A few months ago—pre-COVID19—we highlighted three trends that we felt could have the biggest impact on consumer behavior and spending in 2020. Although the Coronavirus pandemic has since won that distinction, we wanted to revisit these trends—sustainability, Gen Z, and qualitative research—to examine how they are faring in the pandemic.
Earlier this year, we expected sustainability to be a theme for brands’ success. Amid the Coronavirus, the consensus so far is that sustainability will take a hit in the short-term but will bounce back—and perhaps even thrive as businesses process lessons learned from the pandemic.
Short-term, with many out of work and/or reducing their spending in the uncertainty, low-cost sustainable solutions may continue. These include composting or buying “ugly” fruits and vegetables. However, more premium sustainability solutions such as buying organic or paying more for biodegradable packaging, etc. are likely to fall by the wayside, especially if a recession sets in. Some municipalities are even suspending the tax on plastic grocery bags to avoid the spread of germs on reusable ones.
Longer-term, many expect sustainability spending to bounce back as soon as it is economically and healthfully feasible. Given the importance of sustainability and the environment to Gen Z and Millennial consumers, we agree.
Some even express preliminary optimism regarding COVID-19’s long-term impact on sustainability, notably Bain and Company, who claim that COVID-19 is a “dress rehearsal” for dealing with climate change. For example, they point to the increased need for telework, which has shown many companies that it’s possible and even economically viable to reduce travel. In turn, many satellite images have shown marked decreases in air pollution across the globe.
COVID-19 is already being called Gen Z’s “watershed” moment, akin to the Vietnam War for Baby Boomers or the AIDS epidemic for Gen X. Though the long-term impact remains to be seen, early indications are that the Coronavirus pandemic is hitting Gen Z especially hard. For example, surveys conducted pre-Coronavirus suggested that Gen Z already had mental health challenges and anxiety based on the pressure on them to perform in school; surveys conducted during COVID-19 indicate the pandemic is adding to this burden.
Gen Z cohort’s age range is 10 to 23, so the pandemic is hitting each group differently. The oldest members of the cohort—those newly in careers or graduating and looking for work—will sustain the greatest financial challenges, as they tend to work in industries that have been shuttered by the virus, such as entertainment and tourism. Those in school are finding fewer available internships and part-time jobs that would give them the experience they need to land higher-paying jobs once they’ve graduated.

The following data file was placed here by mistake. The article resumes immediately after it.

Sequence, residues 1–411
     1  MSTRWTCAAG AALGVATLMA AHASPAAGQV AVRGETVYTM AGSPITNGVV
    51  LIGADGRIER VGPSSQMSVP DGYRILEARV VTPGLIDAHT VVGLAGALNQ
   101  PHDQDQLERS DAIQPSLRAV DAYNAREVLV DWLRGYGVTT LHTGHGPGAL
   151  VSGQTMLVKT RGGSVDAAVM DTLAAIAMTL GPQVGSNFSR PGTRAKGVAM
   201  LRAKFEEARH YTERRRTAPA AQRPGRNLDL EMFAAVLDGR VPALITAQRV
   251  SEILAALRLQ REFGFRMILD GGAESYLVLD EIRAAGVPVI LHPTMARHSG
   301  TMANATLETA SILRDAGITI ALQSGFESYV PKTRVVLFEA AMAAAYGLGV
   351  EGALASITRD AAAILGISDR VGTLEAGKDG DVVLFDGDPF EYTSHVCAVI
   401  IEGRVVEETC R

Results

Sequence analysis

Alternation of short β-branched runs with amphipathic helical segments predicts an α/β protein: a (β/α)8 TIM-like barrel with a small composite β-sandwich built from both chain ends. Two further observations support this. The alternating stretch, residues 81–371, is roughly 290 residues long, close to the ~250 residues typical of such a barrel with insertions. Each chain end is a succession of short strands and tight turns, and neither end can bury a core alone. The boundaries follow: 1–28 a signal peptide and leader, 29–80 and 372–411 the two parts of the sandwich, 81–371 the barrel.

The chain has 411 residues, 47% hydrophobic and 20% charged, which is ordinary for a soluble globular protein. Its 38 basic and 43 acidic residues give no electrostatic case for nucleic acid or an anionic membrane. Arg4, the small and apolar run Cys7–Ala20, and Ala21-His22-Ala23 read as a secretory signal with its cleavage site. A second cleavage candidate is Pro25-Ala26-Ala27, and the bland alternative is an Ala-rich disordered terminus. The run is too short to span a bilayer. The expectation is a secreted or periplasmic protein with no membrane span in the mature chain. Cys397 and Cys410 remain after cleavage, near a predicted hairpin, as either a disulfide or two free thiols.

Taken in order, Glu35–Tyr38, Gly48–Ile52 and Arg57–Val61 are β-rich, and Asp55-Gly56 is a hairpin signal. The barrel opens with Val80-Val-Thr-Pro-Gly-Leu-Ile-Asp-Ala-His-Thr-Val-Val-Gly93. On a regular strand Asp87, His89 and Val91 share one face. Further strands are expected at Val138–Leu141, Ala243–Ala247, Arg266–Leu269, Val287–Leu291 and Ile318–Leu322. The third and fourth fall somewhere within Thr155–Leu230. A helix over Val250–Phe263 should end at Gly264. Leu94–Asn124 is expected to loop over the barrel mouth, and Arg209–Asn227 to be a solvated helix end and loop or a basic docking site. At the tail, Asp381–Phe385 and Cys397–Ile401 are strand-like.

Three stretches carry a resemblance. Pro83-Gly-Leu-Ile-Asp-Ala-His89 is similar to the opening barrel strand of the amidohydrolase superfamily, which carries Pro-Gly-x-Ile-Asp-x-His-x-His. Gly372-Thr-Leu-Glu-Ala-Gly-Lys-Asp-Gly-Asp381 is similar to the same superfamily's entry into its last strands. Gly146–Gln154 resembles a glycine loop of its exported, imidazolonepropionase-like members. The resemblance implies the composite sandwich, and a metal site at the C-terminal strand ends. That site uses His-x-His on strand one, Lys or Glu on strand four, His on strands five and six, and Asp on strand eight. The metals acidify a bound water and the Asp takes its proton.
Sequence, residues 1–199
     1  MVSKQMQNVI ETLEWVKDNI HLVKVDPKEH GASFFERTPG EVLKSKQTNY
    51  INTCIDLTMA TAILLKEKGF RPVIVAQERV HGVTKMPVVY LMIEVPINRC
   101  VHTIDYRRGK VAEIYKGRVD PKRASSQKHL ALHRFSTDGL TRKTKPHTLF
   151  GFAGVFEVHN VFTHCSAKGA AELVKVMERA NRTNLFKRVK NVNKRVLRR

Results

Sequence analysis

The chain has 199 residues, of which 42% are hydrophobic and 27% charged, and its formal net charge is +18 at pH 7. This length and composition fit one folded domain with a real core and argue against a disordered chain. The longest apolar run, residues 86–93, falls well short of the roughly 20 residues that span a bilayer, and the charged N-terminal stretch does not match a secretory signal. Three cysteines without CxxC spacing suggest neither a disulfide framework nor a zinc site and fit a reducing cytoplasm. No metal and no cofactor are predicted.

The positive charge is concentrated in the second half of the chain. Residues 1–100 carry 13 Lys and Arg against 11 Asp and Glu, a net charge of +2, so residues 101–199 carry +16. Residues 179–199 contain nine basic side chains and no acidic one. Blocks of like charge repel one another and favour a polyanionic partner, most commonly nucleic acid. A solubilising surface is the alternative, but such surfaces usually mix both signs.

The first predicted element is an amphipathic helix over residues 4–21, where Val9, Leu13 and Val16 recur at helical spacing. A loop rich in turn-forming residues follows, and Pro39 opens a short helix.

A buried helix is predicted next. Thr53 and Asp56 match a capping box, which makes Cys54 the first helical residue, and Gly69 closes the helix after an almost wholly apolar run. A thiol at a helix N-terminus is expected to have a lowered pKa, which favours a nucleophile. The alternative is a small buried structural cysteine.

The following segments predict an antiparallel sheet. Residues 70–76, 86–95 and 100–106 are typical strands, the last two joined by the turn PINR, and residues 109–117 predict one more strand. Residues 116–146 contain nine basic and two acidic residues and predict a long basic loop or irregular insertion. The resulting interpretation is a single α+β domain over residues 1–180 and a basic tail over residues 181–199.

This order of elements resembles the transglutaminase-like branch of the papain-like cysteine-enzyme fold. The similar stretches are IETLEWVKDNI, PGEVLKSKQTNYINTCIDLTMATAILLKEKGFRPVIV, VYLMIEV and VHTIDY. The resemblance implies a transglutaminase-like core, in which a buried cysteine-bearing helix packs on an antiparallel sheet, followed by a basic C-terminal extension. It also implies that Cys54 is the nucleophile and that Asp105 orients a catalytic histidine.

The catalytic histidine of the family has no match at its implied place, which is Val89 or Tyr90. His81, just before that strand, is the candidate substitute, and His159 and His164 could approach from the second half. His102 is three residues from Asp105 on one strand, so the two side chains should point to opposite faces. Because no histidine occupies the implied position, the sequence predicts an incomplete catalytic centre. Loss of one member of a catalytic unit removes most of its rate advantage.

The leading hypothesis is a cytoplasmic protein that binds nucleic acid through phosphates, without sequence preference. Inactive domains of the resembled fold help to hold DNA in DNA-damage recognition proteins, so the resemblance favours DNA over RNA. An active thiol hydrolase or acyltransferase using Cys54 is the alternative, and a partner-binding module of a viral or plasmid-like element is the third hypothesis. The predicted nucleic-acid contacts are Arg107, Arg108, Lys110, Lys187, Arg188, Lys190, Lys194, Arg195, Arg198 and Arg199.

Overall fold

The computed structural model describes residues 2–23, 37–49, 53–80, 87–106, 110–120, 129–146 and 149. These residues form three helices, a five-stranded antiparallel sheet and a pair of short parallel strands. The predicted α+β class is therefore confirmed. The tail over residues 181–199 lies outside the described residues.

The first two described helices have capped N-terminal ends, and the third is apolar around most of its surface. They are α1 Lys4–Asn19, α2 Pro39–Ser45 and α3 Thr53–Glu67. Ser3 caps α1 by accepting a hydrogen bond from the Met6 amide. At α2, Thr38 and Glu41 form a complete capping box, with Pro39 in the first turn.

Encouragement and perseverance, however, are in this generation’s wheelhouse. They were born in the wake of 9/11 and survived their parents’ financial collapses from the mortgage crisis a decade ago. They know how to save, spend wisely on quality items with companies that share their values, and look to crowdsourcing for advice on purchases. We’re confident they will persevere and find ways to help others. And in November, they’ll head to the voting booth (possibly through a mailbox) to make their civic priorities heard. If you have one of them in your circle, listen to them—they have clear heads and are preparing to be tomorrow’s leaders.
2020 brought predictions of a renaissance to qualitative research as more businesses sought to hear directly from consumers. The Coronavirus pandemic has not changed this, but it has forced qualitative researchers to be more agile and creative with how they reach consumers. At C+R, this has meant reframing our “in-person” qualitative team as our “live” qualitative team and capitalizing more on technologies such as webcams and collaborative whiteboard tools. Check out any of our consumer panels to learn how COVID-19 has impacted consumer spending and behavior.
Embracing the “New Normal”
It’s been a rollercoaster start to 2020 for brands—some like Costco and Clorox have thrived, while mom and pop restaurants and retailers have suffered. We hope the worst of it is passing as states begin to ease restrictions on the stay-at-home orders. As commercial communities reopen and we emerge to embrace our “new normal,” remember sustainability—it’s still an important factor for many shoppers. Find ways to show your consumers, especially those in the Gen Z cohort, that your brand empathizes with their challenges and is there to help them weather through. Take a page out of the car insurance industry’s book and charge minimally for services they may not be fully utilizing. Don’t be discouraged if social distancing and shelter-in-place orders make it difficult to speak to consumers inperson. There are a variety of online tools for live and asynchronous qualitative research that can still get you intimate insights from your consumer base. And given that many people are off work and stuck at home, they may have time to spend talking to you, and may be eager for a way to express themselves.
If you need help brainstorming an insights approach at this time, don’t hesitate to reach out. Our virtual doors are open for business, and we’d love to talk to you!